Out on a spree
It's not long before Joe takes up the fight once more, though. In the briefest, thinnest of setups, resident Resistance boffin Doctor Fyodor Malikov convinces Joe to accompany him to New York and attempt to close a wormhole, thus dealing a crippling blow to the Chimera. As far as exposition goes, it's all the narrative offered as pretext for your killing spree through the occupied states of Oklahoma, Missouri, Pennsylvania and finally New York.
It's a journey bearing stark similarities to Half Life 2, and not just because of the ever-looming wormhole in the distance. A boat ride along the Mississippi brings to mind HL2's hovercraft section, albeit one on rails. Then there's the trip to Resistance 3's own Ravenholm, a night-time mission through a rickety old mining town overrun with feral Chimera and leapers, bearing an uncanny resemblance to Zombies and Head Crabs.
If that's not homage enough, before finally arriving in New York, there's even time to take a quick trip around a crumbling prison à la Nova Prospekt. Although here, at least, Resistance 3 provides some novelty in the form of a new enemy, the Wardens, a vicious group of survivalists who don't take kindly to outsiders.
There's nothing wrong in re-treading Half Life 2's pathways, of course. It is, after all, one of the greatest FPS campaigns ever made. And, to be fair, Resistance 3 carries just enough uniqueness in its setting, enemies and weapons to temper the ever-present déjà vu.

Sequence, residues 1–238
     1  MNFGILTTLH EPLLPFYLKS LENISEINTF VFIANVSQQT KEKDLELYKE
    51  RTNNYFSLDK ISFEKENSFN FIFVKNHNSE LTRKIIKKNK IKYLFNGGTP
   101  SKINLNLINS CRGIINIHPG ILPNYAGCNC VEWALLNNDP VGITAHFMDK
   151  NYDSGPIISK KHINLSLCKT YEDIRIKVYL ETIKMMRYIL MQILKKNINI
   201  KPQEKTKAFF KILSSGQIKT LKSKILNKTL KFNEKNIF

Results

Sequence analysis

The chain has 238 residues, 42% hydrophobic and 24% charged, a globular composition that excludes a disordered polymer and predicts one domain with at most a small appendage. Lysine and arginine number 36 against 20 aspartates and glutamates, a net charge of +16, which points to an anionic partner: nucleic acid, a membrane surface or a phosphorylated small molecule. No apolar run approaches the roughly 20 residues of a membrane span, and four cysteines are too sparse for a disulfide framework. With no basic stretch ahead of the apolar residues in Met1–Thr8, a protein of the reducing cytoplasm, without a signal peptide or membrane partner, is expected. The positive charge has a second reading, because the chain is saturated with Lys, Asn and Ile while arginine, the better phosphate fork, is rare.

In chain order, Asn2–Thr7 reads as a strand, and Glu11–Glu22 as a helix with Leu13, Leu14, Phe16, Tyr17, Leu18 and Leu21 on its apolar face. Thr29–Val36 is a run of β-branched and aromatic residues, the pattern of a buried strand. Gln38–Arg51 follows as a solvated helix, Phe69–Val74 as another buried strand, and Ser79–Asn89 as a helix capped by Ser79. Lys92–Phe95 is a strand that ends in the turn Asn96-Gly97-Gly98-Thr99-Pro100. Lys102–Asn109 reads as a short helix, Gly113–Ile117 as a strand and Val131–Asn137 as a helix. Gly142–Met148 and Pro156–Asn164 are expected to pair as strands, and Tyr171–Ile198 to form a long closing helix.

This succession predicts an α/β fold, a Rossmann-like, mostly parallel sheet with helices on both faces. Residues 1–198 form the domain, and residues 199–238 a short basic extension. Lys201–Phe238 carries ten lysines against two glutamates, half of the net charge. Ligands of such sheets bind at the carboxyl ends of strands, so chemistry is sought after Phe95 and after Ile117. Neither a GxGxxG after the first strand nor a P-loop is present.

As in the first two games, enemy AI is suspect. But the brute-force scripting – in which the Chimera either stand their ground or rush suicidally towards you – coupled with intricate and robust level design means that while comparing unfavourably with other top-tier shooters, the questionable AI never detracts from the pulsating gunplay.
Despite the game being an overall anticlimax – nowhere more so than in its flaccid last chapter – Resistance 3's weaponry ensures the series ends with a enjoyable bang. Gone is Resistance 2's two-weapon limit in favour of a return to Fall of Man's full arsenal. It's a good choice for a series which has always promoted bombastic, sandbox gunplay over a traditional 'A-enemy vulnerable to B-weapon' formula. Thanks to generous ammo caches, you're rarely without the full complement of boomsticks to toy with, from series' stalwarts, the long-range Deadeye and wall-penetrating Auger, to the surprisingly efficient High Explosive Revolver and the Atomizer, with its secondary-fire gravity well.
Sponsored: Benefits from the lessons learned in HPC